The Court first considered whether the applicant’s right to freedom of expression had been interfered with. The Court distinguished this case from cases where the authorities refused to release requested information. The Court acknowledged that the applicant’s case concerned, instead, a particular means of accessing (i.e. via the Internet) publicly-available information. [para. 53] In this regard, the Court highlighted the very important role that the Internet played “in enhancing the public’s access to news and facilitating the dissemination of information in general”. [para. 54] Nevertheless, the Court acknowledged that imprisonment inevitably entailed a number of restrictions on a prisoner’s communications with the outside world. With this in mind, the Court could not find that Article 10 of the Convention imposed a general obligation to provide prisoners with access to the Internet or to specific Internet sites. Since information relating to education was granted under the Lithuanian law, however, the Court was ready to accept that there had been an interference with the right to receive information in the present case.
The Court had to establish whether the interference was justified. The Court began by considering whether the interference was “prescribed by law”. In this regard, the Court acknowledged that no explicit prohibition on prisoners using the Internet existed in Lithuania at the time of the present case. Nevertheless, the Court reasoned that the ban on prisoners using radio and electronic communications devices, and the requirement that all prisoners’ correspondence with State authorities be conducted in writing and sent by post, meant it was not unreasonable to hold that all these prohibitions could be circumvented if prisoners had access to the Internet. According to the Court, the applicant was not left without an indication that there had been a prohibition on the use of the Internet in prison. In short, the interference was “prescribed by law”. The Court then went on to acknowledge that the interference pursued a “legitimate aim”, namely the protection of the rights of others and the prevention of disorder and crime.
When considering whether the interference was “necessary in a democratic society”, the Court noted that the website to which the applicant wished to have access contained information about learning and study programs in Lithuania. This information was directly relevant to his interest in obtaining education, and instrumental in his rehabilitation and subsequent reintegration into society. Indeed, the Court noted that the European Committee for the Prevention of Torture and Inhuman or Degrading Treatment or Punishment underlined the importance of a program of activities, including education, for the well-being of detainees. This was even more relevant for prisoners serving a sentence. [para. 59]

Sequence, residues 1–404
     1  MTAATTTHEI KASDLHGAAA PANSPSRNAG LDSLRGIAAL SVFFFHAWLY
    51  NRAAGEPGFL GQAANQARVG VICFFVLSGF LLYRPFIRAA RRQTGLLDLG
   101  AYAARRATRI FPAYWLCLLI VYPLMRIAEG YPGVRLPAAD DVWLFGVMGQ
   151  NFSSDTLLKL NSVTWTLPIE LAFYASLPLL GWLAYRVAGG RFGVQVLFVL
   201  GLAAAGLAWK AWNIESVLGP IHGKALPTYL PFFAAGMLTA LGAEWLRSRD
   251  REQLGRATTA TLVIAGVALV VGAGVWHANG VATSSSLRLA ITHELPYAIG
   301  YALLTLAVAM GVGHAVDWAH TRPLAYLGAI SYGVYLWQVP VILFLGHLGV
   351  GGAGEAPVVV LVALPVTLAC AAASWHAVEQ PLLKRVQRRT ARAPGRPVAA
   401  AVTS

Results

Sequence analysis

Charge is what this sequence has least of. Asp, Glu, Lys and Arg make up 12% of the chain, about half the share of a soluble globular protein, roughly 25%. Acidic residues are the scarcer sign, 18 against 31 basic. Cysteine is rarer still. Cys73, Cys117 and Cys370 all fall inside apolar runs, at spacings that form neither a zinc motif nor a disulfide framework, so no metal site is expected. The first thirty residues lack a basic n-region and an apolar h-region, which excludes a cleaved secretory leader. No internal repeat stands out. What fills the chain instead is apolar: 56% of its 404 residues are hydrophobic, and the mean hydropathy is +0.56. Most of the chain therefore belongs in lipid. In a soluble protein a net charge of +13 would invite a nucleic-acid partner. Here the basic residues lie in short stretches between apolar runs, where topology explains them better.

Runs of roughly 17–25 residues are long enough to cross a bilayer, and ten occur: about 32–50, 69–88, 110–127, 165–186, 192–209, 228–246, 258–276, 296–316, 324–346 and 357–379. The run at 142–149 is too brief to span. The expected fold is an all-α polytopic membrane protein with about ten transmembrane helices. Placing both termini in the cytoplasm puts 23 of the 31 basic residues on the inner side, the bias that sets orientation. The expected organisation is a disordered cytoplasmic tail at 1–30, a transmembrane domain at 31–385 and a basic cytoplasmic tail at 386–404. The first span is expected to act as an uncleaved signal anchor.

Moreover, the Court observed that accessing the website suggested by the Ministry of Education and Science was more efficient than making individual requests to the State authorities for specific information. The Court also noted that the information about study programs evolved constantly.
The Court then went on to criticize the Lithuanian authorities for focusing on the legal ban on prisoners having Internet access as such, instead of examining the applicant’s argument that access to a particular website was necessary for his education. The Court also noted that the authorities did not argue that providing prisoners with extended Internet access would result in the State incurring additional costs. The Court also observed that, although security considerations arising from prisoners having Internet access could be considered relevant, the domestic courts failed to give any kind of consideration to the fact that the applicant asked for access to a website created and administered by a State institution.
The Court noted the importance of Internet access for the enjoyment of a range of human rights. Indeed, the Court stated that “Internet access has increasingly been understood as a right, and calls have been made to develop effective policies to achieve universal access to the Internet and to overcome the ‘digital divide’. The Court considers that these developments reflect the important role the Internet plays in people’s everyday lives, in particular since certain information is exclusively available on [the] Internet.” [para. 62 and citing Kalda v. Estonia] The Court was also critical of the fact that the authorities did not even consider giving the applicant limited or controlled access to the relevant website, which could hardly be viewed as posing a security risk.
The Court concluded that the national authorities failed to put forward sufficient reasons to justify the interference with the applicant’s right to receive information.
In light of the foregoing, the Court concluded that the interference with the prisoner’s right to receive information was not “necessary in a democratic society” and, therefore, had amounted to a violation of Article 10 of the Convention.
Decision Direction indicates whether the decision expands or contracts expression based on an analysis of the case.
The decision expands expression since the European Court of Human Rights (Court) found that the refusal of a prisoner’s access to an Internet site constituted a violation of his right to receive information. In doing so, the Court gave strong pronouncements on the importance of Internet access to the enjoyment of human rights more generally. It also observed that there was a growing recognition that access to the Internet, in itself, should be understood as a right. Although the Court does not explicitly recognize a right of access to the Internet, this case and the earlier case of Kalda v. Estonia demonstrate the Court’s willingness to find a violation of the right to freedom of expression in certain circumstances where access to the Internet has been withheld.
Global Perspective demonstrates how the court’s decision was influenced by standards from one or many regions.
Case significance refers to how influential the case is and how its significance changes over time.